Lance Armstrong could cycle again because international cycling officials are thinking of reducing his lifetime ban if he is ready to offer them information with regard to wrongdoing within the sport. Although the final decision belongs to the U.S. Anti-Doping Agency (USADA), the International Cycling Union might help the former professional road racing cyclist regain the right to enter cycling competitions.
Brian Cookson, president of the International Cycling Union, told the Associated Press that there is a way of helping both Armstrong and the USADA to receive what they want. He emphasizes, however, the fact that the USADA needs to “agree to any reduction in his sanction” in order to reduce the lifetime ban. Both “validity and strength of information” are important if Armstrong wants to be able to cycle again in competitions.
If Armstrong agrees to help Cookson and his newly established Cycling Independent Reform Commission, he would have to offer not only names of professional racing cyclists whose doping activity has not been revealed yet, but also methods of getting away with doping.
“Actually that’s not going to be in my hands,” Cookson said, “he’s been sanctioned by USADA.”
Although Cookson became the president of International Cycling Union in September 2013, he is determined to examine the history of doping in this sport and reduce sanctions on professional cyclists who have been banned by the USADA. That is contingent upon their providing information and agreeing to cooperate. Cookson plans to start a thorough and impartial investigation that will help him understand what lies beneath the doping activity, as well as how and why professional cyclists resort to doping. For this reason, Peter Nicholson, a specialist investigator is also part of the team established by the International Cycling Union’s president.
Lance Armstrong could cycle again if he is ready to cooperate with Cookson and his team, but even if his lifetime ban might be reduced, he will not receive his medals back. The professional cyclist was stripped of Tour de France medals after a report from USADA accused him of being the leader of a massive doping program. Armstrong agreed to cooperate with the investigation and stated that Hein Verbruggen, an honorary member of the International Olympic Committee, helped him cover up a positive corticosteroid test back in 1999.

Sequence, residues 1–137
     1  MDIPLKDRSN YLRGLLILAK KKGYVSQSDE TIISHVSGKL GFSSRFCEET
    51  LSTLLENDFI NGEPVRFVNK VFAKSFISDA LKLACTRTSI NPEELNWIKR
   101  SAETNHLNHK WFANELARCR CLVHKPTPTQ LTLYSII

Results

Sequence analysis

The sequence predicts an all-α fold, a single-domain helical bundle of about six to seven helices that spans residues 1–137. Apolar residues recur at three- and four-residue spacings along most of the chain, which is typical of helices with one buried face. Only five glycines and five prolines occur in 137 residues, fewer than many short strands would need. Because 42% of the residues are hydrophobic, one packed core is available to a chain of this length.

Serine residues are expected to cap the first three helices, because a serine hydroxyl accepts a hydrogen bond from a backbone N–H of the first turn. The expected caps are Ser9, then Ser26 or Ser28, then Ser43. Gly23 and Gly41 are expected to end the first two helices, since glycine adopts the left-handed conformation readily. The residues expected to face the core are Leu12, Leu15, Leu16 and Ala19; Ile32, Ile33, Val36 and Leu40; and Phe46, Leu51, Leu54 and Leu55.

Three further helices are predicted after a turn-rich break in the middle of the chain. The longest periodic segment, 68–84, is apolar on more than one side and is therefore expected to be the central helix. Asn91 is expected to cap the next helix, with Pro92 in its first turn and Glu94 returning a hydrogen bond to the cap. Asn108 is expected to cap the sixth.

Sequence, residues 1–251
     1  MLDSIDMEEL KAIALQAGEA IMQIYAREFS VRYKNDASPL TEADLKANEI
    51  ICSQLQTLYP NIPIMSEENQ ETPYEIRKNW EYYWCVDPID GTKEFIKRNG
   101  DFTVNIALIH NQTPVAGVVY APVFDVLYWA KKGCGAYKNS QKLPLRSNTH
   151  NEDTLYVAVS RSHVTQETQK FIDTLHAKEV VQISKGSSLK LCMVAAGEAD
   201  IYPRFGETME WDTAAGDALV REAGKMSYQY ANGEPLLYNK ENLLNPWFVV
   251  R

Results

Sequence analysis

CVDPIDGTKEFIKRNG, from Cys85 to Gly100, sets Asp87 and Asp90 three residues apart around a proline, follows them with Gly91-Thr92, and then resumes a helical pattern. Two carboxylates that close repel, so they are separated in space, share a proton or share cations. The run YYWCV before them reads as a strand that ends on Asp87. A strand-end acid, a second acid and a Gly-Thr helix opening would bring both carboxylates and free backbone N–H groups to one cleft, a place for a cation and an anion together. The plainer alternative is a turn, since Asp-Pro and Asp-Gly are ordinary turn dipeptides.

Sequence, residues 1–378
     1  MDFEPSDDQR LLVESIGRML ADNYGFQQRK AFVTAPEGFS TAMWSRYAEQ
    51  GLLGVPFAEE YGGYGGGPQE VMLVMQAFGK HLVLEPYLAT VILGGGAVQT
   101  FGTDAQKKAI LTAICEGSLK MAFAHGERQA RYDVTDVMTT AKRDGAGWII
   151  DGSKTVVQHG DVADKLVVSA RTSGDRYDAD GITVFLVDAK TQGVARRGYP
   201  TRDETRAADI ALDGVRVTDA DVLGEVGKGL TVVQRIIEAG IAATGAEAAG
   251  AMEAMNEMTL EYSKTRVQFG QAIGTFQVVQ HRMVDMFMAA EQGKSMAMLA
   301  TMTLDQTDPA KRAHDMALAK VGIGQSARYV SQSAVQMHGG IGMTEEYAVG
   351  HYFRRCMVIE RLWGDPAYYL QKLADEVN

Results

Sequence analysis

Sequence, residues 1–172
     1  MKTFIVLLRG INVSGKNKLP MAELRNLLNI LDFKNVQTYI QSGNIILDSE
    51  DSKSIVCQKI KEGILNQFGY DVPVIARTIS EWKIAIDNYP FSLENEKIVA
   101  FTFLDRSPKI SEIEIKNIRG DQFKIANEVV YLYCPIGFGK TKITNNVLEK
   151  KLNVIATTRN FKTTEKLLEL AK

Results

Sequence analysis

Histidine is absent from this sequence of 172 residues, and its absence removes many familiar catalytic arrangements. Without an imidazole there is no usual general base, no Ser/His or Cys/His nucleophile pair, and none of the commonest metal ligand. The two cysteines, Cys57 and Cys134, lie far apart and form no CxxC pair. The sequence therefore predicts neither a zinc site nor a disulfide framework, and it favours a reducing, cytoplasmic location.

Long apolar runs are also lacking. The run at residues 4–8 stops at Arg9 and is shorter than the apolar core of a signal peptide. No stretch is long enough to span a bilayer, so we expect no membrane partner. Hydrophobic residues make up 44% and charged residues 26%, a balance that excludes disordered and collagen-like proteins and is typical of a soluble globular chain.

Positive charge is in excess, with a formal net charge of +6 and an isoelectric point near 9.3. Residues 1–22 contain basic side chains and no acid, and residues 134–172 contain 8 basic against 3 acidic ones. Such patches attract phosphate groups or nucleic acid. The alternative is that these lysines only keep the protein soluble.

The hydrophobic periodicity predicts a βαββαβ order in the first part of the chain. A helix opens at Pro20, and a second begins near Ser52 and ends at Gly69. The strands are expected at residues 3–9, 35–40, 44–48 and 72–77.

Information regarding Armstrong’s doping program continues to appear as Roberto Gaggioli claims that his team was paid off in order to let him win a Philadelphia race. Moreover, Armstrong must answer for what has been called fraudulent endorsement money, which helped him obtain about $17 million. The Armstrong Lie, a movie which depicts the cyclist’s ups and downs has just seen the daylight. The well-researched documentary encompasses not only Armstrong’s glory, but also fall.
If he cooperates with Cookson and brings valuable information with regard to the doping program he established, Lance Armstrong could cycle again. Although the International Cycling Union has no right to reduce his lifetime ban, it can influence the USADA’s decision and convince them to reconsider their conclusion. Armstrong has already given his consent to be part of the investigation, but Cookson mentions that the examination must be as thorough as possible if the former cyclist wishes to enter a competition in the distant future.
By Gabriela Motroc
Los Angeles Times